Ceramic, Holiday, Luxembourg, Markets, Other Artists, Peckvillchen, Peckvillercher, Tradition, Whistles

Put a Bird on it!

I fear I’ve been falling down on my blogging duties, alas. Anyways. Last weekend was Easter, or since I live in Luxembourg, “buy bird whistles and annoy my cat” day. Otherwise known as Émaishen, it takes place every year on Easter Monday, and it’s name is in reference to the story of the travelers that Jesus met on the road to Emmaus after the resurrection, though it’s so much more about pottery than anything else. The current incarnation of the festival is relatively new, with the market in Luxembourg City’s Fëschmaart (marché aux poissons) dating back to 1938 and the one in nearby Nospelt dating to 1957.
My favorite whistles! Made by Hildegard Schemehl, who can be found on the interwebs here.

Traditionally, Easter Monday corresponded with the celebration of the Guild of Potters that used to take place outside of église Saint Michel, and there is a 1827 document that references a market in front of the church, and recommends that it be moved to marché aux poissions, but there seems to be no reference to the bird whistles being particular to that market at that time (more info). The modern market is huge, spilling out of Fëschmaart into Kneudler and the streets surrounding them and Place d’Armes, and it lasts all day, so since I live downtown, I hear the chirping whistles from dawn to dusk, which I think is quite lovely, even if it does prevent the full enjoyment of a holiday Monday afternoon nap.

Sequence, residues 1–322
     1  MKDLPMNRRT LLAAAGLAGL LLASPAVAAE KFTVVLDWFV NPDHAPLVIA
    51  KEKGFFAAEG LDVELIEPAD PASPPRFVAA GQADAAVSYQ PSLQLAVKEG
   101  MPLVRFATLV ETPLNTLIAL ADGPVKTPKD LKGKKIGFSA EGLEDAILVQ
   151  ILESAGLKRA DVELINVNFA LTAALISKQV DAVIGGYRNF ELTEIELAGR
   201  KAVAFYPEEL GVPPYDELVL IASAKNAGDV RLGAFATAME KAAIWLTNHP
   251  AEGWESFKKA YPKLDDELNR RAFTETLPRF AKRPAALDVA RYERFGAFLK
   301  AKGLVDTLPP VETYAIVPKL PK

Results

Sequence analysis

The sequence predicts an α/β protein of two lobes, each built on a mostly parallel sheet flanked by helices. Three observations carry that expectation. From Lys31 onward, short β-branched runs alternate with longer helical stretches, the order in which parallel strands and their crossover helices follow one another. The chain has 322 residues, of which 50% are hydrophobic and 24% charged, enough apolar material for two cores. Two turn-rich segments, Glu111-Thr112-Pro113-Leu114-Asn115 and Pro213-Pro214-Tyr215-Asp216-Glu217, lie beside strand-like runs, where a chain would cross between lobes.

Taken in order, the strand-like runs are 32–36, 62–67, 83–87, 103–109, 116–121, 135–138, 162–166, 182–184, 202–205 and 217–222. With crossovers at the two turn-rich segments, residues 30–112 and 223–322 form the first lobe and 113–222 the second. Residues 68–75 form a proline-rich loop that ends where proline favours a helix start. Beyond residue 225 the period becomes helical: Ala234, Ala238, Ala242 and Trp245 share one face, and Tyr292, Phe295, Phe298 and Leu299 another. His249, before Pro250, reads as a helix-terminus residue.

The whistles are called péckvillchen, and I’m told that the more typical one is a water whistle, that is has a vessel that is filled with water and sounds like a chirping songbird, though it seems that most of the potters today seem to make ocarina-like coucous, that are played dry and have a couple of tones.

Here’s a recording of one of the water whistles.

I met a potter once on Vancouver Island, I forget his name (edit: I think it was Victor Dufffhues of JoVic Pottery in Chemainus, and wether it was him or not, I have a mug of his that I love to pieces), but when I told him I work in glass, he told me that that he though that all potters are frustrated glass artists… I think the inverse applies to glass artists, at least to me, and going to stuff like this makes me feel it all the more. So I should probably learn to use ceramics. Then I will say I’m an artist who works with fire, which would be awesome.

The market is organized by the comité Alstad in Luxembourg and information on the festival in Nospelt, which goes all weekend, can be found at the Nouspelter Emaischenwebsite.

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